Friday 18 March 2016

Flight of the Dragonfly

By Rachel Baxter

"Pantal flavescens at Kavadoor" 
© 2010 Jeevan Jose 

Commonly known as the “globe skimmer”, it is no surprise that Pantala flavescens, a unique species of dragonfly, can travel long distances. Despite being less than 2 inches long, these tiny insects have the ability to fly across oceans, making some of the greatest migratory journeys on Earth.

However, only recently have scientists had an insight into just how often these voyages are occurring. A recent study, by biologists at Rutgers University, published in the journal PLOS One, has shown that Pantala dragonflies all over the world are genetically very similar. This is unusual in nature, as geographically segregated populations of the same species tend to vary genetically to some extent.

Jessica Ware, one of the paper’s authors, explains, "If North American Pantala only bred with North American Pantala, and Japanese Pantala only bred with Japanese Pantala, we would expect to see that in genetic results that differed from each other.”

Nevertheless, in the case of the Pantala dragonfly, highly similar genetic profiles have been found in individuals across the world, ranging from the USA and South America, to Japan, India and Korea. The fact that they seem to share one common global gene pool suggests that individuals from different continents are not only interbreeding, but doing so on a regular basis. This would mean that they are travelling around the world annually, if not more often.

The purpose of the vast migrations of these dragonflies is simple; they follow the weather, allowing them to reproduce in the ideal environment. For example, when the dry season hits India, they will move across to Africa for the wet season, as they require moisture to breed.

So, how do they do it? Pantala dragonflies have specialised wings that are perfectly adapted to long-distance travel, with minimum energy expenditure. They have relatively large wings that enable them to fly high up in the air, and glide in the wind. This mechanism is what allows them to cross entire oceans, and is referred to as “passive dispersal”, as they rely on the wind to do most of the work for them. Furthermore, as they are so small, weight is not a problem.

However, their size does cause a problem to the scientists studying them. Genetic analyses were used in the recent study because the dragonflies are too small for researchers to attach GPS trackers or tagging equipment to them. The weight of any existing technologies would be too overpowering, reducing their abilities to fly. Therefore, scientists thus far have no way of tracking the exact routes of the dragonflies, to assess exactly how long they are travelling for and where exactly they are travelling to and from.

Perhaps future technologies will provide trackers light enough to attach to the back of the minute dragonflies, allowing scientists to unlock further information about them. Until then, many key details of one of the greatest migrations on the planet will remain a mystery.  

Wednesday 23 December 2015

Artificial Intelligence: what does the future hold?

By Sam Firminger 

(Contains ‘2001: A Space Odyssey’ spoilers)

“I’m sorry Dave, I’m afraid I can’t do that.”

This memorable line from the Stanley Kubrick film 2001: A Space Odyssey, comes from a super-fast sentient computer called HAL 9000 (Heuristically programmed ALgorithmic computer) on board a spaceship travelling to Jupiter. It was programmed to look after its crew and ensure the success of the mission. However, after discovering the human crew intend to shut it down, it decides to silently kill one of the astronauts. After Dave attempts a rescue, HAL calmly tells him that he is unable to open the ship’s doors to dock, effectively trying to kill him too. A single, unwavering red eye stares down Dave meanwhile shutting off the life support of the remaining crew members.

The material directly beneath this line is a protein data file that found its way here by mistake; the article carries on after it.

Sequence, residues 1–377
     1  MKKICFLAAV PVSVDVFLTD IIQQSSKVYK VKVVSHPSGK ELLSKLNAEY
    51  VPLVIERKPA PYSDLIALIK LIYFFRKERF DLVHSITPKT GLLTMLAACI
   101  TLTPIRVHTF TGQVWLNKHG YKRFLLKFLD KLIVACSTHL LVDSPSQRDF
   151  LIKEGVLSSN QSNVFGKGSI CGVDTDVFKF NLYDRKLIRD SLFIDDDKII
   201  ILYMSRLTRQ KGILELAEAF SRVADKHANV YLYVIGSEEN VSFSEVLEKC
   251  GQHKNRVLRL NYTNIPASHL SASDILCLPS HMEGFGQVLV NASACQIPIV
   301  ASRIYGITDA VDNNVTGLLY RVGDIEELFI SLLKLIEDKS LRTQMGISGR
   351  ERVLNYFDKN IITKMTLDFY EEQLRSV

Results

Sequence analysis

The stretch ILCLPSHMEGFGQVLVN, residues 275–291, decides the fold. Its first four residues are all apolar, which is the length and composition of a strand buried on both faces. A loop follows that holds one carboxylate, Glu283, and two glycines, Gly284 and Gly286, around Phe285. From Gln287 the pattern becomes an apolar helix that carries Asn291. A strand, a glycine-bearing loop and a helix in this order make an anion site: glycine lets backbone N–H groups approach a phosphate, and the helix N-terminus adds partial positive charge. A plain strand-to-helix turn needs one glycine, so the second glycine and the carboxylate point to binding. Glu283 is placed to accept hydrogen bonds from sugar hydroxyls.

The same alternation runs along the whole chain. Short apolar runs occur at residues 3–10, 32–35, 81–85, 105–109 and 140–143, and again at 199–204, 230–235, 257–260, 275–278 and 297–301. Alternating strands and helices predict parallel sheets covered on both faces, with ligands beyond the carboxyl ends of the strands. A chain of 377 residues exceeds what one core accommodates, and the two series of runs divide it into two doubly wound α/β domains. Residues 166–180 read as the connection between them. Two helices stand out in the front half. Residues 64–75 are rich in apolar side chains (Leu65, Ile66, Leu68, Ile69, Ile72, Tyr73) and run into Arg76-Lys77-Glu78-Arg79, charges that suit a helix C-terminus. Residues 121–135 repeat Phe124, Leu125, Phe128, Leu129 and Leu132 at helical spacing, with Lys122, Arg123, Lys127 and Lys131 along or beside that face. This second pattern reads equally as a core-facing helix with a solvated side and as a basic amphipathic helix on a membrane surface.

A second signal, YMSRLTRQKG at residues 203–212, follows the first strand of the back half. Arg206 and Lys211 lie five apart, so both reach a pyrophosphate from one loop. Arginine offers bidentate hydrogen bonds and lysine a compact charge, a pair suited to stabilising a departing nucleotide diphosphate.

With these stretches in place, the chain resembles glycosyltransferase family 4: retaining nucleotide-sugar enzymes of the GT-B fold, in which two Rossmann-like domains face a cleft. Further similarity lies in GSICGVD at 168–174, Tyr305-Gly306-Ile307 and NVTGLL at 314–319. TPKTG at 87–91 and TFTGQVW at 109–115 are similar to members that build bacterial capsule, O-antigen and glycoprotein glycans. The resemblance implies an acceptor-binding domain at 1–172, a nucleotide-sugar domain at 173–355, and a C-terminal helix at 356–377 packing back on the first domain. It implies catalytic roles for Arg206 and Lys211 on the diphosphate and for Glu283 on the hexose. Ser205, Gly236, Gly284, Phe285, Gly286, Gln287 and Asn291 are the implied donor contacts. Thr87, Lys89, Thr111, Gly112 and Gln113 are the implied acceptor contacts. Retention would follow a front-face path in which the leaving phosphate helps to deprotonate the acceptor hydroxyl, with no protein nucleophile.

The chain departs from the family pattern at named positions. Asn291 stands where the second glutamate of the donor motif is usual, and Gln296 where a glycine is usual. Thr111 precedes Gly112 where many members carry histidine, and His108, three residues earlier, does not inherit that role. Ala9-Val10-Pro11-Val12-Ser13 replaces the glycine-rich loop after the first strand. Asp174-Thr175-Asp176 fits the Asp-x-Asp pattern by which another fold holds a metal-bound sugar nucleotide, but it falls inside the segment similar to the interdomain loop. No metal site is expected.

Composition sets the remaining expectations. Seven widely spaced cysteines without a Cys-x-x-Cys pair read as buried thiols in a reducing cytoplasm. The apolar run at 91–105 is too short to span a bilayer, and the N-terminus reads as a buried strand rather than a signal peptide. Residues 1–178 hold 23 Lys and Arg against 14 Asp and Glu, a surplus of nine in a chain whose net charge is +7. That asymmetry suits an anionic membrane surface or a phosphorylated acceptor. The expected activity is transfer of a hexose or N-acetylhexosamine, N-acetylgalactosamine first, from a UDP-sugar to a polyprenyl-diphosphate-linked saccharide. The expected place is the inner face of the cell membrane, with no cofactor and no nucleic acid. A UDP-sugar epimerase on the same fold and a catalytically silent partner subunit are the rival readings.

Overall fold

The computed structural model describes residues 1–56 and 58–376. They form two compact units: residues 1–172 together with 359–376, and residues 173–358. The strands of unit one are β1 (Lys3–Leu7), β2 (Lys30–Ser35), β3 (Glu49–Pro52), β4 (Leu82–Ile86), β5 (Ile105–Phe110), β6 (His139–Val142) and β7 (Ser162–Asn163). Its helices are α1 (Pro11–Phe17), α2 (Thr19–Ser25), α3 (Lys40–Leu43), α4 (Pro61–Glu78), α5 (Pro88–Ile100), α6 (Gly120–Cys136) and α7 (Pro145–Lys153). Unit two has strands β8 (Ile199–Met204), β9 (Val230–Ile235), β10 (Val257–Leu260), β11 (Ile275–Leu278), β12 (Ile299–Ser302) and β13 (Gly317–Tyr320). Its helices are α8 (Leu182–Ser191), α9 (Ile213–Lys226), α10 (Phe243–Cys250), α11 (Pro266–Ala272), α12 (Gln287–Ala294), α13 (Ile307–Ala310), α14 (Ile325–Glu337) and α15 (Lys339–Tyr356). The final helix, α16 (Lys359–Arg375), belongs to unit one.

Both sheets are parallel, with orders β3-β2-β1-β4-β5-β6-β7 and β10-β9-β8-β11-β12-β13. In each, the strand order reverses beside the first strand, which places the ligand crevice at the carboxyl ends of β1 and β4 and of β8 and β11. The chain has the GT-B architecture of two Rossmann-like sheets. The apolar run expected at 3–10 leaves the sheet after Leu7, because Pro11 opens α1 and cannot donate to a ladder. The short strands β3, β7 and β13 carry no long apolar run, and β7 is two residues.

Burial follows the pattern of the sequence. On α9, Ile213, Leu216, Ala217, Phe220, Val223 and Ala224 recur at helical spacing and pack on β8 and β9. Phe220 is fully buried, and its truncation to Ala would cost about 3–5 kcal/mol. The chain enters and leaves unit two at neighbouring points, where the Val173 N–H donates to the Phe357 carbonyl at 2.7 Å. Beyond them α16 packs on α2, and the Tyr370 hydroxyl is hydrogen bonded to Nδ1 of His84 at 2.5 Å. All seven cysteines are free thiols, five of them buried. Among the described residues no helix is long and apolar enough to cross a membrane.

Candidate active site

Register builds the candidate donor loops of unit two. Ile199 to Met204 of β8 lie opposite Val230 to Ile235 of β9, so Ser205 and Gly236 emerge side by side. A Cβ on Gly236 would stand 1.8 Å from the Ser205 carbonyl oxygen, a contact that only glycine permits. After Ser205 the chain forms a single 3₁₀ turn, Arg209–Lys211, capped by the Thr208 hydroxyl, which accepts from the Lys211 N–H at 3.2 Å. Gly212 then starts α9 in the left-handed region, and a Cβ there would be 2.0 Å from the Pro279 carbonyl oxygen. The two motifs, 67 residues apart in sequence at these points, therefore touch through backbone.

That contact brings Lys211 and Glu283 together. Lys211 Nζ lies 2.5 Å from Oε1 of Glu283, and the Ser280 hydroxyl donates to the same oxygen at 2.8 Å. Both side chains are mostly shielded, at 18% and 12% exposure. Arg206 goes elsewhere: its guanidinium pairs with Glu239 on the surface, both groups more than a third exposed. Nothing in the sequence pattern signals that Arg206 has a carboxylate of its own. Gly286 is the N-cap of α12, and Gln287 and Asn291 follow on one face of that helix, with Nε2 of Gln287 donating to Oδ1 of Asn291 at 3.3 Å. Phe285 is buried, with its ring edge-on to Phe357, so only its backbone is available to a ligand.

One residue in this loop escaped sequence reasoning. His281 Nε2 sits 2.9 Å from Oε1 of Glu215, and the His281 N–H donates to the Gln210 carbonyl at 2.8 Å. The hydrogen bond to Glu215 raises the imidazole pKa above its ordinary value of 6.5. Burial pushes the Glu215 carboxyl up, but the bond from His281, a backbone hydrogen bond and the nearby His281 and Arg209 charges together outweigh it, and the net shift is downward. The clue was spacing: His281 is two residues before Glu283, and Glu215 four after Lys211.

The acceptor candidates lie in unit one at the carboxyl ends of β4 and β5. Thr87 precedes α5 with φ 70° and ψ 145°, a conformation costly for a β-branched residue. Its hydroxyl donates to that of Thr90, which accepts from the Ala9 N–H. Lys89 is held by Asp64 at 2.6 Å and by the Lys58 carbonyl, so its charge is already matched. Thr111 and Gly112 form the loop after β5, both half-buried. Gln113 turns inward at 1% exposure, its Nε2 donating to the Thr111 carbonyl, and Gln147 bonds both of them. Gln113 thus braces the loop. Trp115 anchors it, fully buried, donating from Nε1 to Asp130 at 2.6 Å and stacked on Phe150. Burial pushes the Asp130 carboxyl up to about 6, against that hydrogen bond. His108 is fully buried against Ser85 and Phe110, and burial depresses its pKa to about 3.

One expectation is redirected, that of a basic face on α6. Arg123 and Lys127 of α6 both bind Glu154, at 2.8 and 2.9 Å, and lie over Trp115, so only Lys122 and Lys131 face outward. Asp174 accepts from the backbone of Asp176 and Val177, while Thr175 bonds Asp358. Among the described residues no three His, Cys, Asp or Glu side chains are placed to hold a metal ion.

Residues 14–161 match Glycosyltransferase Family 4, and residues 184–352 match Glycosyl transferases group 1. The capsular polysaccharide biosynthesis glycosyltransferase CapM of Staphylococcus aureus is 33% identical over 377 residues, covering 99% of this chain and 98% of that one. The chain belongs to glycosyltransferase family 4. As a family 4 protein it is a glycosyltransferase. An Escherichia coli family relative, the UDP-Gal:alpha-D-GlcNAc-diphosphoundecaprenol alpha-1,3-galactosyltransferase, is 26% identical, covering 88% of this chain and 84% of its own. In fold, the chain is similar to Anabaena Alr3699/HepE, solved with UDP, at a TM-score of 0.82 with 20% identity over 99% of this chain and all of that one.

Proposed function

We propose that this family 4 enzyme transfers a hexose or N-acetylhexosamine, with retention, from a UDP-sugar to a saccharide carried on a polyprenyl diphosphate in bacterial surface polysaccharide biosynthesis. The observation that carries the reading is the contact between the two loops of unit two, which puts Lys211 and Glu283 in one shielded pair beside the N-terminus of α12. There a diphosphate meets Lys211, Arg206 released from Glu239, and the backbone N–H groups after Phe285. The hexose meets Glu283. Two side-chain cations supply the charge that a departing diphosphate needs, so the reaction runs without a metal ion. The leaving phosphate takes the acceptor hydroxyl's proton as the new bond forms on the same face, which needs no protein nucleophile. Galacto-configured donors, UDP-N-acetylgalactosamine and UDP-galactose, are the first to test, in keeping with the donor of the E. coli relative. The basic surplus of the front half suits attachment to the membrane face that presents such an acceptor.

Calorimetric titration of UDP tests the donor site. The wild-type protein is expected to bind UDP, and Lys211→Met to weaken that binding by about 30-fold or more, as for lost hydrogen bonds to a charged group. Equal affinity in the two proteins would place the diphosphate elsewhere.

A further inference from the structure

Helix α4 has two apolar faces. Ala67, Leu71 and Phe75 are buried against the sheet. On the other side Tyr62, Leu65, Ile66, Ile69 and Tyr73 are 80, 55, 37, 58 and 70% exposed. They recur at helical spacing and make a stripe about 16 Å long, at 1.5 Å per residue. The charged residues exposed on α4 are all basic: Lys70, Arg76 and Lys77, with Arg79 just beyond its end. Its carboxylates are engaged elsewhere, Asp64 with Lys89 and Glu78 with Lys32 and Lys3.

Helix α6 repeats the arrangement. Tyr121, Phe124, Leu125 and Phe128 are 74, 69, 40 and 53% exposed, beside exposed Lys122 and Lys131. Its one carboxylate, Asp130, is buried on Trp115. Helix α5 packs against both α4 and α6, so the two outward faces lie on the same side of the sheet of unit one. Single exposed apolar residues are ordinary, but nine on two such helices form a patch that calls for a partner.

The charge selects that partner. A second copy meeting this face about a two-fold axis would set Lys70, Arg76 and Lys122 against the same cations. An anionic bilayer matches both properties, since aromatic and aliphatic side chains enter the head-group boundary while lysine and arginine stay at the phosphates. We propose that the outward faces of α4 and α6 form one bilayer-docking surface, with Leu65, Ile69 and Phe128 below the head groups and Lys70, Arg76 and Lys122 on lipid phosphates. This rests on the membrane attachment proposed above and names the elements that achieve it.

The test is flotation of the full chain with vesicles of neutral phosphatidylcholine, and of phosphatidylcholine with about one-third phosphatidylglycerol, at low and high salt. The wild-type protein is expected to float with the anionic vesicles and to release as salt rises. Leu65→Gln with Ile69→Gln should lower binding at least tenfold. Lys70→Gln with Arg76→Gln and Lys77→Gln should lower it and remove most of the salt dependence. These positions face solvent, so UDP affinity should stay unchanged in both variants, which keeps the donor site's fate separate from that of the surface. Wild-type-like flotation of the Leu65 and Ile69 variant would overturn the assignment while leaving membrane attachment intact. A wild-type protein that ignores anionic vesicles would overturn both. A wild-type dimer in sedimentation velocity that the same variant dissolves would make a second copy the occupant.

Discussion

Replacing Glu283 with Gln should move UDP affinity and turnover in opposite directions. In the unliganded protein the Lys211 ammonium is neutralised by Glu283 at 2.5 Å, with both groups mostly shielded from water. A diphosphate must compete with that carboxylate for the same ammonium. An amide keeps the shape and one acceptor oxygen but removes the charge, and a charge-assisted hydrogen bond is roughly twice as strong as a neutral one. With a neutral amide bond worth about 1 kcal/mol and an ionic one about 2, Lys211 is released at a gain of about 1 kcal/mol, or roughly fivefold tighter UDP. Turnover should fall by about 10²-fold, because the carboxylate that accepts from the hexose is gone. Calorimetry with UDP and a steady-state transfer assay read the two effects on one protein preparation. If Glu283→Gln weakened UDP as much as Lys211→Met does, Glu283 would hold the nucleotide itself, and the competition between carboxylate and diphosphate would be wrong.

It’s partly thanks to films like this that the possibility of artificial intelligence turning against us is solidified in the public conscience. It’s not alone; numerous other high profile media forms portray the possibility of this dystopian future; the famous Skynet system from the Terminator series, the Machines from the Matrix trilogy, and GLaDOS from the Portal games to name a few.

However, the idea of a creation intended for good turning on its creator can be traced back further than big Hollywood blockbusters. Literature is littered with stories of accidental monsters. The creation of Satan himself in Christianity was the result of an angel gone wrong. Frankenstein’s monster in the novel by Mary Shelley in 1818, one of the first science fiction books, is another classic example. The thought of malevolent, uncontrollable artificial intelligence is a terrifying and common one, but how likely is it?

Ethics of AI

Perhaps it would be wise to start with the question of how artificial intelligence should be programmed. One of the first tentative ideas comes from the Three Laws of Robotics written up by the sci-fi author Isaac Asimov over 7 decades ago in 1942. These are a set of rules by which robots are created within novels of his. They state that no robot shall harm or kill a human being directly or indirectly, that the robot must obey human orders, and finally that the robot should protect its own existence as long as it does not conflict with the previous two laws. Though these seem practical and that they could be implemented from an outsider’s perspective, these were originally only ever intended to be a literary tool by which to create dynamic sci-fi novels, and were not created by a scientist with knowledge of AI.

It’s worth noting that when ethics of AI are discussed, it is the ethics of robots or humanoid robots that people tend to think of immediately. Although there is huge investment in humanoid robotics, AI are far more prevalent in other fields that you might not expect, such as targeted Facebook ads and data mining from metadata collection by governments. Ethical frameworks of purely physical harm or death to humans are useless in situations like this and if talking about other types of harm such as breach of privacy, it is difficult to decide what is constitutes ‘harm’ and what does not.

AI of the future